- This topic has 4 replies, 4 voices, and was last updated 21 years, 10 months ago by SylvanLMP.
11 Jul 2000 at 2:30 am #273199MasterPlumbersKeymaster
I have a 3/4″ copper sweat joint that I cannot get to come apart. I’ve tried tapping and twisting when the joint was hot, but it doesn’t budge at all. I’m sure its dry, it has even gotten red hot. No pipe length left to cut. Any trick or suggestions to break it free.
11 Jul 2000 at 3:44 pm #287077SylvanLMPParticipant
When I come across a bad joint that someone couldn’t disassemble I normally braze the joint with a self fluxing copper alloy rod BUT you had better make sure you put either a heat sink on adjoining joints or have enough space between joints to prevent losing the integrity of the other soldered joints. Sometimes using a good quality SELF CLEANING TINNING flux like Hercules can be used for the non talented brazers Good luck
11 Jul 2000 at 11:39 pm #287078Art_xyzParticipant
Many times when having trouble getting a fitting apart it helps to heat it up, retin it with some flux,than making sure it is neither too hot or too cool, pull it apart. If still no luck, take a pair of channel locks and adjust them so they slip over the pipe but not the fitting, than repeating the above, beat the fitting off.
12 Jul 2000 at 3:52 am #287079hjParticipant
Well, I would not trust a brazed joint that had already been soldered, since the solder will prevent good adhesion everywhere except at the surface of the joint and that is not enough strength to depend on for a permanent joint.
16 Jul 2000 at 7:51 pm #287080SylvanLMPParticipant
Well, HJ considering the fact the brazing alloy has a tensile strength OVER 87,000 PSI and “soldering” even with 95-5 is 16,000 pounds ( 95 % tin -5% antimony FYI the tin gives it the strenth) I can fully see your concerns BELOW….
“Well, I would not trust a brazed joint that had already been soldered, since the solder will prevent good adhesion everywhere except at the surface of the joint and that is not enough strength to depend on for a permanent joint.”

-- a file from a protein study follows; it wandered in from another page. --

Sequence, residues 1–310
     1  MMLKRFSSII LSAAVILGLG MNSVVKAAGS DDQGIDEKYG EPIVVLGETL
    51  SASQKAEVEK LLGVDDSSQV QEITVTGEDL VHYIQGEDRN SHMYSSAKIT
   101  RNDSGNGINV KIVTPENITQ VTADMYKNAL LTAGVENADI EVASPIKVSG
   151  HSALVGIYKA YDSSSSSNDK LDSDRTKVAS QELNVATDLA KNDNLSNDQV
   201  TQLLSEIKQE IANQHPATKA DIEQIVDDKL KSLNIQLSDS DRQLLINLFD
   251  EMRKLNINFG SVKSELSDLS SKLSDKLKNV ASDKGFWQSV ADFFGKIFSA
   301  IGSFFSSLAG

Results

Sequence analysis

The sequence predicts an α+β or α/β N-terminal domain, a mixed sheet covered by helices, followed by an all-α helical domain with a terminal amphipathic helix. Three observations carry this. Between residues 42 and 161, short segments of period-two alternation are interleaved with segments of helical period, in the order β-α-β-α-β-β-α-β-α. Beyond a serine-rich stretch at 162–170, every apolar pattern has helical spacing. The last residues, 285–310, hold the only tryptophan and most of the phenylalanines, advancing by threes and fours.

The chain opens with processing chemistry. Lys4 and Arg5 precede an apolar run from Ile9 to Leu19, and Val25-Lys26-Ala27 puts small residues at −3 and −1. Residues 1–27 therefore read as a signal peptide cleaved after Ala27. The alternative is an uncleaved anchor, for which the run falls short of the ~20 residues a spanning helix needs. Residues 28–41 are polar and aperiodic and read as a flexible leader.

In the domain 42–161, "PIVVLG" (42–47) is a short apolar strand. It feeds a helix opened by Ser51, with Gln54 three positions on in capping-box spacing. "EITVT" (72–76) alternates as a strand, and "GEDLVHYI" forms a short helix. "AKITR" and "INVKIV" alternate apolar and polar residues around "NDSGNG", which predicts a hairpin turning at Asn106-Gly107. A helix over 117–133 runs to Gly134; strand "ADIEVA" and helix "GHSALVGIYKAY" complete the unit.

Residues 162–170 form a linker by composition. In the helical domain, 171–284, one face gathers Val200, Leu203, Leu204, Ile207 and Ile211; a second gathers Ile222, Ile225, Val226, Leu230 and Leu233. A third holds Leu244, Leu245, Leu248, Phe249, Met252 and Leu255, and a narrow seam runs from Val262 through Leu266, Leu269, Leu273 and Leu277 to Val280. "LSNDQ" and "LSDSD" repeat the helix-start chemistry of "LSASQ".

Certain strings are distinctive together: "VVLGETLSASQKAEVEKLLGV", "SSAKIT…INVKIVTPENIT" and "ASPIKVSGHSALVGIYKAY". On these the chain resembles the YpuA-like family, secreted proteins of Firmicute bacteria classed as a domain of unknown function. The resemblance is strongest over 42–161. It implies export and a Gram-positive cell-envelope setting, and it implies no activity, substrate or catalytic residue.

Now consider the fact that as a CERTIFIED welder (like most U/A journeymen trained plumbers) I have used several types of filler metals and had great success with only the outside of the fittings Welded/Brazed.
I can understand your concern about capillary attraction. After all the water pressure this poster asked about HAS to be around 60 pounds HUH?
If you had read about why the outside of fittings should be cleaned during brazing you would know the cup of the joint does not have to be filled in the brazing process as the strength is so over kill as with most brazing rods.
A properly brazed joint is actually stronger than the base metal. You honestly should invest in a stamp and contact the copper development association (CDA) and you just may learn something regarding this profession.
The AWS (American Welding Society) offers classes for folks who HAVE NO IDEA about what they are talking about in metalurgy/welding
When copper freezes and splits especially on Air handler coils NOTHING beats closing these splits and brazing the gaps with copper based brazing alloy ESPECIALLY knowing you don’t need any flux if the copper is properly cleaned.
Copper tubing is one of the easiest
non ferrous metals to repair VERY FORGIVING.
I cannot begin to tell YOU how many 1st year apprentices braze the outside of split copper/bronze and brass piping.
By the way there are some cases where you DO NOT want the filler metal getting into the fitting/system. LIKE a filter drier on AC systems which by the way operate at a much higher pressure temperature than domestic water and ALL THIS with only “Surface brazing” and no flux
Amazing HUH the knowledge required to be a REAL PLUMBER?
Have a great one
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